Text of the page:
Rat Bastard – This was the lead single for Dust To Dust. Pete and Rich kick things off with a sleepy instrumental produced by The Beatnuts, and Psycho Les (of The Beatnuts) joins Pete on the mic. This was a very underwhelming way to start things off. Hopefully this isn’t a sign of things to come on Dust To Dust.
The Sleeper – Boy, is this one properly named. Pete Nice and Daddy Rich get together to concoct what may be the most boring instrumental in the history of hip-hop. He’ll, even the vocal sample on the hook (which is a clip of a woman performing a hypnotism telling her prey “you are getting sleepy”) encourages you to catch some Z’s. And as Pete pussyfoots through the track, you’ll become more and more woozy.
Kick The Bobo – This was the second single released from Dust To Dust. The energy level improves, slightly, on this one, as Pete and Rich hook up a decent backdrop, but Pete’s flow continues to sound choppy compared to the smoothness the listener became accustom to hearing when he was with 3rd Bass. I guess it’s all about evolution though, right?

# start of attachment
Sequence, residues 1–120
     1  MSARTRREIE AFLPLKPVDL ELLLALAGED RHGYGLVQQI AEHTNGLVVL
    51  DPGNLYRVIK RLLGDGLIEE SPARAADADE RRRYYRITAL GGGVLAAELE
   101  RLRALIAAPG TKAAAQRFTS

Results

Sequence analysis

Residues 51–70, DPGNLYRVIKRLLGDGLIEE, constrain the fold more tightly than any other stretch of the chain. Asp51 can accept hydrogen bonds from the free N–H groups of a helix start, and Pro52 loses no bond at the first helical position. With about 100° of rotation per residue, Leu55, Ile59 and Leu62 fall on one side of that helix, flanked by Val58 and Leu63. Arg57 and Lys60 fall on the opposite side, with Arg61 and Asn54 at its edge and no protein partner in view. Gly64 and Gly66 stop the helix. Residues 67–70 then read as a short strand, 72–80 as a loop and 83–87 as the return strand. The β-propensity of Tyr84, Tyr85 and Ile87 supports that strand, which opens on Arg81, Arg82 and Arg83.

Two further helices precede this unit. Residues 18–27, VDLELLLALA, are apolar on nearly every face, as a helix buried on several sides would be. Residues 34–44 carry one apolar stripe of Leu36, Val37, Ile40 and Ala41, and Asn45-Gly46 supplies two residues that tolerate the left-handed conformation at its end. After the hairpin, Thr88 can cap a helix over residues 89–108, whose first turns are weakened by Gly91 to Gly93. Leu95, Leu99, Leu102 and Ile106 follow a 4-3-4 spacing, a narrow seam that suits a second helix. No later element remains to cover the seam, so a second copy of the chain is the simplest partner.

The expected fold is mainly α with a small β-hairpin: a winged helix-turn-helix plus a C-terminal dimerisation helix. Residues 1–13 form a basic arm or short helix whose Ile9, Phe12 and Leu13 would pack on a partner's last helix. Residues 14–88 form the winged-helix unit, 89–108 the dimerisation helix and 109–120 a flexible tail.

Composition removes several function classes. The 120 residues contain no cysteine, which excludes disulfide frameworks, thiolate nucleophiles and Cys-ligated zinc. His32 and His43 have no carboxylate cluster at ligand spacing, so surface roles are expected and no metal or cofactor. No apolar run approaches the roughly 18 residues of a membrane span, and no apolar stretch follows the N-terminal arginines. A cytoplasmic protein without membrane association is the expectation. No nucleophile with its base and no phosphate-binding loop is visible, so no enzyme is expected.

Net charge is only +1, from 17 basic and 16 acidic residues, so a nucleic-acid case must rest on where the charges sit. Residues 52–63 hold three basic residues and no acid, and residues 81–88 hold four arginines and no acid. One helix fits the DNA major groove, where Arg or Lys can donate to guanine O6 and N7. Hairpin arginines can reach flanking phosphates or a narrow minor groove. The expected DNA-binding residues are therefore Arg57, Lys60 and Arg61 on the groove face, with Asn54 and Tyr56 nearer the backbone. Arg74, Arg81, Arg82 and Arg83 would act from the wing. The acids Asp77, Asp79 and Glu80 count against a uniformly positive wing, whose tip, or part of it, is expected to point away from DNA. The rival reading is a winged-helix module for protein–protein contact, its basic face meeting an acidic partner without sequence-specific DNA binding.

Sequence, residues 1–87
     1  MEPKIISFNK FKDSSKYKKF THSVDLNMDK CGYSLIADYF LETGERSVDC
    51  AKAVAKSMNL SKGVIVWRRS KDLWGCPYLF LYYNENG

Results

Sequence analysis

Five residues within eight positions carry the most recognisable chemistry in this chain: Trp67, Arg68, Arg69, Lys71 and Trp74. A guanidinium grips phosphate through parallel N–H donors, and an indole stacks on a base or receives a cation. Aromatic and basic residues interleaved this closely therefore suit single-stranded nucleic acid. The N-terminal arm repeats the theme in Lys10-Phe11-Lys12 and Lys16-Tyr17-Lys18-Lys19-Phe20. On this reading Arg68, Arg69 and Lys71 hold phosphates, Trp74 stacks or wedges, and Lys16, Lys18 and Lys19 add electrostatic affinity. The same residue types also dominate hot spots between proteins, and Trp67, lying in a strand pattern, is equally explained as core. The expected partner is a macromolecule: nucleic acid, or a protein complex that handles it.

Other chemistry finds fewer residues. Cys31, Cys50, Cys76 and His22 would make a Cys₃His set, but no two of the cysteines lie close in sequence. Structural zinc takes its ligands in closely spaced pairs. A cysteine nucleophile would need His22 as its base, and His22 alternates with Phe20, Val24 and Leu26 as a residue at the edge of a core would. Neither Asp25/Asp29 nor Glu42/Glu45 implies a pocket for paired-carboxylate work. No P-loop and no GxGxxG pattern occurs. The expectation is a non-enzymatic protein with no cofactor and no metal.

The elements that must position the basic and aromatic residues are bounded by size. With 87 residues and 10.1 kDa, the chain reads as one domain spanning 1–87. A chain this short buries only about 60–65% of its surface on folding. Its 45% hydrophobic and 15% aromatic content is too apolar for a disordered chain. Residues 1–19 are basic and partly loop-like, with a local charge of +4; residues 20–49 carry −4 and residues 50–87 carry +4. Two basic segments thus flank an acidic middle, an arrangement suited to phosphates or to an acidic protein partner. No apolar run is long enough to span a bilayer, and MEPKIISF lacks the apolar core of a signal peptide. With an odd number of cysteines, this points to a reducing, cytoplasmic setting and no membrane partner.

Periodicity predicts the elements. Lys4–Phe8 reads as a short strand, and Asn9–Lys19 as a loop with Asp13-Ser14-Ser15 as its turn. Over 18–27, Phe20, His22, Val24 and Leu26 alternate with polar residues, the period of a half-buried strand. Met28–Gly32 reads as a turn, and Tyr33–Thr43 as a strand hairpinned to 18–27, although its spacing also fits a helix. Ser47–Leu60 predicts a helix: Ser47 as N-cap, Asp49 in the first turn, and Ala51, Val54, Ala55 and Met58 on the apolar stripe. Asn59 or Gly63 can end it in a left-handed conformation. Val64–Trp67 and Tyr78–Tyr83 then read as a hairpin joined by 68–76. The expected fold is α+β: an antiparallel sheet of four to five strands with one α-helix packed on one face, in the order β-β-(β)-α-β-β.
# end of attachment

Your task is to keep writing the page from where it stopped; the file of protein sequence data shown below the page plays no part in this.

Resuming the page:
Verbal Massage – This is the second Beatnuts’ produced track of the evening, and surprisingly, they get off to and 0-2 start. Pete Nice’s flow sounds disastrous over an instrumental that is the audio equivalent to watching paint dry.
The Lumberjack – Pete uses this one to give props to his deejay, Daddy Rich, and his turntable skills. Pete and Rich’s backdrop isn’t great, but it’s definitely an improvement from the production mediocrity that’s plagued Dust To Dust thus far.